By: Ove Arbo Høeg(Author), MN Bose(Author)
107 pages, 35 plates with b/w photos; 18 b/w line drawings
In the Lukuga Series, representing the Lower Gondwana in the Belgian Congo, fossil plants were first discovered in 1911. Since then an extensive material has been brought together.
The present paper is based on all available specimens of fossil plants from the Lukuga Series. A minor part of the collections belongs to the Paleontological Museum of the University of Oslo, the Institut Royal des Sciences naturelles, Brussels and the University of Louvain, while a much larger part, including all described specimens, belong to the Musée Royal du Congo Beige at Tervuren.
The megafossils are mostly impressions, while a few, from Walikale, are well preserved incrustations from which cuticle preparations could be obtained. Bulk maceration of samples of shale and coal has yielded a great number of cuticle pieces, spores, and other microfossils.
The flora of the Walikale beds is different from that of the localities of the Lukuga Valley. The fossils indicate that the Walikale beds may correspond in age to the Dwyka Series of South Africa, the youngest bed, W4, being of uppermost Carboniferous and/or Lowest Permian age, and the assise des schistes noirs of the Lukuga Valley to the Ecca (Permian). The assise "de transition" appears to correspond to the Lower Beaufort (Upper Permian).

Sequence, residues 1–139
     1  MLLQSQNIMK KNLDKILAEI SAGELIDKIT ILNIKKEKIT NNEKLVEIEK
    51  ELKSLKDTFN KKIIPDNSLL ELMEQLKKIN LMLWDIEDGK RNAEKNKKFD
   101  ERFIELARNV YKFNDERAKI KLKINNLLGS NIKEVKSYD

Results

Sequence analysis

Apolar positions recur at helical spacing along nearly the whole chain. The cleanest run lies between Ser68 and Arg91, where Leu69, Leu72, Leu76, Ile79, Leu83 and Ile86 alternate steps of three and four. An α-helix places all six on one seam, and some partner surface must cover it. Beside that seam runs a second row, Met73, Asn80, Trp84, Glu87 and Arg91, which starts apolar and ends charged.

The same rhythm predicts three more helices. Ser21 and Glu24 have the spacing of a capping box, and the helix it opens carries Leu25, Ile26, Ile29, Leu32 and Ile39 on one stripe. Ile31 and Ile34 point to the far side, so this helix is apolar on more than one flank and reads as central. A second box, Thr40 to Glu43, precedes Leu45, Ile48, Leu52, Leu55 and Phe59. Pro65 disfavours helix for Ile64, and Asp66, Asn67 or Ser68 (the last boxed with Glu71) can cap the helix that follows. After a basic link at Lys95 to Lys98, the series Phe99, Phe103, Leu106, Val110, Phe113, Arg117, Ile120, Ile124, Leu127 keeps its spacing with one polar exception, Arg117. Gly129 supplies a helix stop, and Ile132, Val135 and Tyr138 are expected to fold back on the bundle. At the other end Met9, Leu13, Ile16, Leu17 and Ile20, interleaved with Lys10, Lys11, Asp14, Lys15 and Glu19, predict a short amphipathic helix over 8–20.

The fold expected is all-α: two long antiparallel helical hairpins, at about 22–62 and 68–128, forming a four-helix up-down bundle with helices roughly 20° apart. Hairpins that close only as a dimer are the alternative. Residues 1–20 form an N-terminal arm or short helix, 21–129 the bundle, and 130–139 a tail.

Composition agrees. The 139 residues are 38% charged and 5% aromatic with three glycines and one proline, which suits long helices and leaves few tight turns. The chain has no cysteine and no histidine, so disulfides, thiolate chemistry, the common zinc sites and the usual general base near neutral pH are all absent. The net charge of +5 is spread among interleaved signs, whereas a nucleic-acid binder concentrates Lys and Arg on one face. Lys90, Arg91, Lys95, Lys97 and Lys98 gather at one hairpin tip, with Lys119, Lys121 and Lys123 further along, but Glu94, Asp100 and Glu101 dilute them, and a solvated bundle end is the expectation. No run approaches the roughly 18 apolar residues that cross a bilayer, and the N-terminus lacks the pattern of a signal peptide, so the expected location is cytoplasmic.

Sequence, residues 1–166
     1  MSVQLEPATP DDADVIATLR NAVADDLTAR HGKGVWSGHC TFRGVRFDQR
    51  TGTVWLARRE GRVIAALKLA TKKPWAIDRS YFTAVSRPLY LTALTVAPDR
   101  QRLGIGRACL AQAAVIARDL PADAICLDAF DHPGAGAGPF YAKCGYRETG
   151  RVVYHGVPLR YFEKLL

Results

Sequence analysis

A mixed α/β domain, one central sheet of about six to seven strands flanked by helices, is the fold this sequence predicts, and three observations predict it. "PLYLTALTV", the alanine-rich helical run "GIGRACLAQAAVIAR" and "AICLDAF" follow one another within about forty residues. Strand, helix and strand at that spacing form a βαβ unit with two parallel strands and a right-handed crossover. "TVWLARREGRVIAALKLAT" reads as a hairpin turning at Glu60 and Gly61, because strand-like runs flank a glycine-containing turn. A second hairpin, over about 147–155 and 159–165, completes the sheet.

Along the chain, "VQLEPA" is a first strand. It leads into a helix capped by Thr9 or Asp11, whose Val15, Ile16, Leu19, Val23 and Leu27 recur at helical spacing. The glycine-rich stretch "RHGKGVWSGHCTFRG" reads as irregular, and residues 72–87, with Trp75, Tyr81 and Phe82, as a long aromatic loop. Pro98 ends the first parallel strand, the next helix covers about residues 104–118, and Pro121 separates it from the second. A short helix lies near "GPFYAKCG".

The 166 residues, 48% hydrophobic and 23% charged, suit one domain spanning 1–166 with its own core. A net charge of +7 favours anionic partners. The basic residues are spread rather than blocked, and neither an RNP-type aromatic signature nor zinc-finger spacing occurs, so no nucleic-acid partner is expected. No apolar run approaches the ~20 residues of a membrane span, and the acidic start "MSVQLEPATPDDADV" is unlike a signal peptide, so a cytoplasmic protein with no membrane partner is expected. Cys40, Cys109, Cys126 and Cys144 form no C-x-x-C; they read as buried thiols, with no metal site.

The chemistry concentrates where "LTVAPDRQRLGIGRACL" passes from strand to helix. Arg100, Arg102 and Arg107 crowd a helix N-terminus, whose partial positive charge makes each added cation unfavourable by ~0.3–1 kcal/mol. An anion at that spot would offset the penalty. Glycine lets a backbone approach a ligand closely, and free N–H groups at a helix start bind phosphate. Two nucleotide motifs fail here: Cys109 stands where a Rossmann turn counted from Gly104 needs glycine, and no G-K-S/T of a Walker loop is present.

As new species are described: From the Walikale beds: Samaropsis boutakoffii, Walikalia (n. gen.) cahenii, Florinites walikalensis, and Fimbriaesporites major. From the assise à couches de houille: Glossopteris jamottei, Baiera plumosa, Ginkgoites cambieri, Walkomiella fragilis, Samaropsis intermedia, Cordaicarpus mucronatus, Duosporites multipunctatus, and Singhisporites africanus.
New combinations: Apiculatisporis cornutus (Apiculatisporites c. Balme & Hennelly 1956), Ginkgophyton haydeni (Psygmophyllum h. Seward 1912), G. hollandi (Ps. h. Seward 1907).
A small collection from the Zambesi River in Portuguese East Africa (Tete Basin) comprises, among other species, Samaropsis zambesicus n. sp.
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